Forum for Science, Industry and Business

Sponsored by:     3M 
Search our Site:

 

Corals switch skeleton material as seawater changes

10.07.2006
Leopards may not be able to change their spots, but corals can change their skeletons, building them out of different minerals depending on the chemical composition of the seawater around them.

That's the startling conclusion drawn by a Johns Hopkins University marine geologist, writing in the July issue of the journal Geology.

Postdoctoral fellow Justin Ries and his collaborators say this is the first known case of an animal altering the composition of its skeleton in response to change in its physical environment. The aquatic animal's sensitivity to such changes poses questions about its evolutionary history, as well as the future of the ecologically important coral reefs that it builds, Ries said, especially at a time when seawater is changing in response to global warming and the buildup of carbon dioxide in the atmosphere.

A 2005 Ph.D. graduate of Johns Hopkins, Ries collaborated on the research with his dissertation advisors, Steven M. Stanley (now of the University of Hawaii) and Lawrence A. Hardie, professor in the Morton K. Blaustein Department of Earth and Planetary Sciences at Johns Hopkins.

Reefs are large underwater structures of coral skeletons, made from calcium carbonate secreted by generation after generation of tiny coral polyps over sometimes millions of years of coral growth in the same location. The team showed that corals can switch from using aragonite to another mineral, calcite, in making the calcium carbonate. They make that switch in response to decreases in the ratio of magnesium to calcium in seawater, Ries said. That ratio has changed dramatically over geologic time.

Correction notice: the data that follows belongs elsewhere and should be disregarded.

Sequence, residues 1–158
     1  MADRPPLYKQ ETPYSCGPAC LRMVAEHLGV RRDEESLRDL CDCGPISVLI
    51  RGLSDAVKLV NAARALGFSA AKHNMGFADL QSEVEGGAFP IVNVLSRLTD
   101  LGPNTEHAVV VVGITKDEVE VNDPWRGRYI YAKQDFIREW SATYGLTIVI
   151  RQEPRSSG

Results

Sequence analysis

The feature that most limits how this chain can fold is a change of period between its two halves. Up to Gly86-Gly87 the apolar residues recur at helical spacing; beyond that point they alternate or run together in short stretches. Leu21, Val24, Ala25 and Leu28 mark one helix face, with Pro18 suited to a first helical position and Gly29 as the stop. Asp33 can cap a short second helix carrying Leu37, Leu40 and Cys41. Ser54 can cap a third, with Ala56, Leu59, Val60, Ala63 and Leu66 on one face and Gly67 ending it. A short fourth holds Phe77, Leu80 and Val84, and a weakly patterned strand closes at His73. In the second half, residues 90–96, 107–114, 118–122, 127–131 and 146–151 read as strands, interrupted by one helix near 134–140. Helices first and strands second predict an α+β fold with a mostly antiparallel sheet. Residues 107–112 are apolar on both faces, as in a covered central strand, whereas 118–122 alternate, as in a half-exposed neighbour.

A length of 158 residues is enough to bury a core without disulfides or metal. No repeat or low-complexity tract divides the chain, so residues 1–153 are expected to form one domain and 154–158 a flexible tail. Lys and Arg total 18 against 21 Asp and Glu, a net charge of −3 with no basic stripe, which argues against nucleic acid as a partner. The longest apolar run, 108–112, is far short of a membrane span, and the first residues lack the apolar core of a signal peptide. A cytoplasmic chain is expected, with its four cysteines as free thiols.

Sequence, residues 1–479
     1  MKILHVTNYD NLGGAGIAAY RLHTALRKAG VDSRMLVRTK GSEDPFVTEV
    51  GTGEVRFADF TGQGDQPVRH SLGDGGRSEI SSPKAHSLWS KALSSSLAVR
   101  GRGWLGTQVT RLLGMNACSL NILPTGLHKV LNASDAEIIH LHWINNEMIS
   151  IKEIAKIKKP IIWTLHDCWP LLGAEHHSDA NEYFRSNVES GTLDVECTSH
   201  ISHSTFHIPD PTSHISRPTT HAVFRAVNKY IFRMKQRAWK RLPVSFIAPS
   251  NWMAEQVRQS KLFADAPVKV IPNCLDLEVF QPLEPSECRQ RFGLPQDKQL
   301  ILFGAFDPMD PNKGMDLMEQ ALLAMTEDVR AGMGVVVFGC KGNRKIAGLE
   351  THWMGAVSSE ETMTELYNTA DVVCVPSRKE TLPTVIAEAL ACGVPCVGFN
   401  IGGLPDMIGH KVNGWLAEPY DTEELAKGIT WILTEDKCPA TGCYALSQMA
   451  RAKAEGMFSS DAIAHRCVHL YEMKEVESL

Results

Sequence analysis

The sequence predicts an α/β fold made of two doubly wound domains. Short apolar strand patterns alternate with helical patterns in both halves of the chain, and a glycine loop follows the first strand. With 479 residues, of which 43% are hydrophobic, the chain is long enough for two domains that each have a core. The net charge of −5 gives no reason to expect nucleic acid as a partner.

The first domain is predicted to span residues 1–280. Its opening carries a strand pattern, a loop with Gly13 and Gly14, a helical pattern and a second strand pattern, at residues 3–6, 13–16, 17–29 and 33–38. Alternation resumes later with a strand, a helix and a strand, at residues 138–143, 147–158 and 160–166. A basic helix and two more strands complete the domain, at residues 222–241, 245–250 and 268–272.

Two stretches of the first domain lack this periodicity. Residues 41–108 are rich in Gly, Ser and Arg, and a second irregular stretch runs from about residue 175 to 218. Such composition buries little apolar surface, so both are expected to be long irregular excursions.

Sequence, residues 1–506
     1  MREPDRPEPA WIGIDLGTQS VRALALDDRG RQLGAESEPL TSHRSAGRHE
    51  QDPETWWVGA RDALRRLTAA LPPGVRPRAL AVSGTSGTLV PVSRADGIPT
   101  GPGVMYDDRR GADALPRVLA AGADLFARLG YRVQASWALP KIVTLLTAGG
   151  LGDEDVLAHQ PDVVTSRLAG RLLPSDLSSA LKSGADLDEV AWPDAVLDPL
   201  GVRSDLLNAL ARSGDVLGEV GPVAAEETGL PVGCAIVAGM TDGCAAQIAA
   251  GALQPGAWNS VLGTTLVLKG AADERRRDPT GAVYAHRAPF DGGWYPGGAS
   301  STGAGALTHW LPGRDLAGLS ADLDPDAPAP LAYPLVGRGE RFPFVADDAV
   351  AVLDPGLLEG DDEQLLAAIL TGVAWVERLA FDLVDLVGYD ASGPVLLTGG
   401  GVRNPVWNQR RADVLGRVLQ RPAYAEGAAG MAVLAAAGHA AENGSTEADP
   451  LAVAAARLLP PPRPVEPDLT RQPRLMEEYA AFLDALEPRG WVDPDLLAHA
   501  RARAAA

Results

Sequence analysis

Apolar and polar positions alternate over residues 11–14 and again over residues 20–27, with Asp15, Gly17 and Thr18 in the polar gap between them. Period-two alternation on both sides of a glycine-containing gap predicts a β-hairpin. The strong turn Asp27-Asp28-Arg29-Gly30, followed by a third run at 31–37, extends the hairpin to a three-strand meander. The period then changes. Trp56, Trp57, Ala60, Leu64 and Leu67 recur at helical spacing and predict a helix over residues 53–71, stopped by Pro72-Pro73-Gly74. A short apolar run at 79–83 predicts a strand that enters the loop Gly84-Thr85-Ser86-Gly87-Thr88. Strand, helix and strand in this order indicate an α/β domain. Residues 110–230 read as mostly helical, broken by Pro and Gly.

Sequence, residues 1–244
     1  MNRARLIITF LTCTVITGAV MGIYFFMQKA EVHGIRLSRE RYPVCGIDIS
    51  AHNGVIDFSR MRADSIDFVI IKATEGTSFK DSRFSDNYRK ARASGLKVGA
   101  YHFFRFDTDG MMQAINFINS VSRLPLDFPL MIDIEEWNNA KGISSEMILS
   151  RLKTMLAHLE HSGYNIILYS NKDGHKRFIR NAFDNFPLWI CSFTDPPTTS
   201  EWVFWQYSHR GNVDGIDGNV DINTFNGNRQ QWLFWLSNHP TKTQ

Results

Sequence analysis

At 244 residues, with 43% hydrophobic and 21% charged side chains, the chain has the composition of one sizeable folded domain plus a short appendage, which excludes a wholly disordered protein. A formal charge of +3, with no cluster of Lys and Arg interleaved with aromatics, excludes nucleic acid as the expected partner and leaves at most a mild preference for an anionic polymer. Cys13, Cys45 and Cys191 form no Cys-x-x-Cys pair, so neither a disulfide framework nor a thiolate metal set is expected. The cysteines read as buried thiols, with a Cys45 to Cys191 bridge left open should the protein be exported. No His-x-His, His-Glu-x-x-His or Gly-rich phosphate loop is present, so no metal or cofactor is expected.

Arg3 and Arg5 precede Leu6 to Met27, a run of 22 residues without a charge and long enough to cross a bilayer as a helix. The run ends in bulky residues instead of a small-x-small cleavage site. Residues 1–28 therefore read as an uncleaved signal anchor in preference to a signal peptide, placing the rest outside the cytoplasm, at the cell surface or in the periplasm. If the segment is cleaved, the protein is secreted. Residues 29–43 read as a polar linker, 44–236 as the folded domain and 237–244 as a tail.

"This is intriguing because, until now, it was generally believed that the skeletal composition of corals was fixed," he said.

Ries spent two months growing three species of modern scleractinian corals (the major reef-building corals in today's seas) in seawater formulated at six different chemical ratios that have existed throughout the 480-million-year history of corals. He concocted this "artificial seawater" using "recipes" provided by Hardie, who several years ago discovered that the magnesium-calcium ratio in seawater has vacillated throughout geologic history between a low of 1.0 and today's 5.2, changing due to chemical reactions between seawater brine and rising magma along the ocean floor.

Ries placed his artificial seawaters in 10-gallon glass tanks, then added fragments of the three species of Caribbean reef-building corals. These were replete with colonies of polyps, which had spent the previous month in "equilibration tanks." Ries adjusted the chemistry of those tanks over 30 days, until their magnesium-to-calcium ratios were in line with the prescribed "ancient seawater" chemistries.

Two months later, Ries removed the coral skeletons and used X-ray diffraction to analyze their mineral composition. He was surprised to find that corals grown in the artificial seawater with a magnesium-to-calcium ratio less than 2-to-1 began producing a large portion of their skeleton with the calcite mineral, while those grown in unmodified modern seawater produced exclusively the aragonite mineral.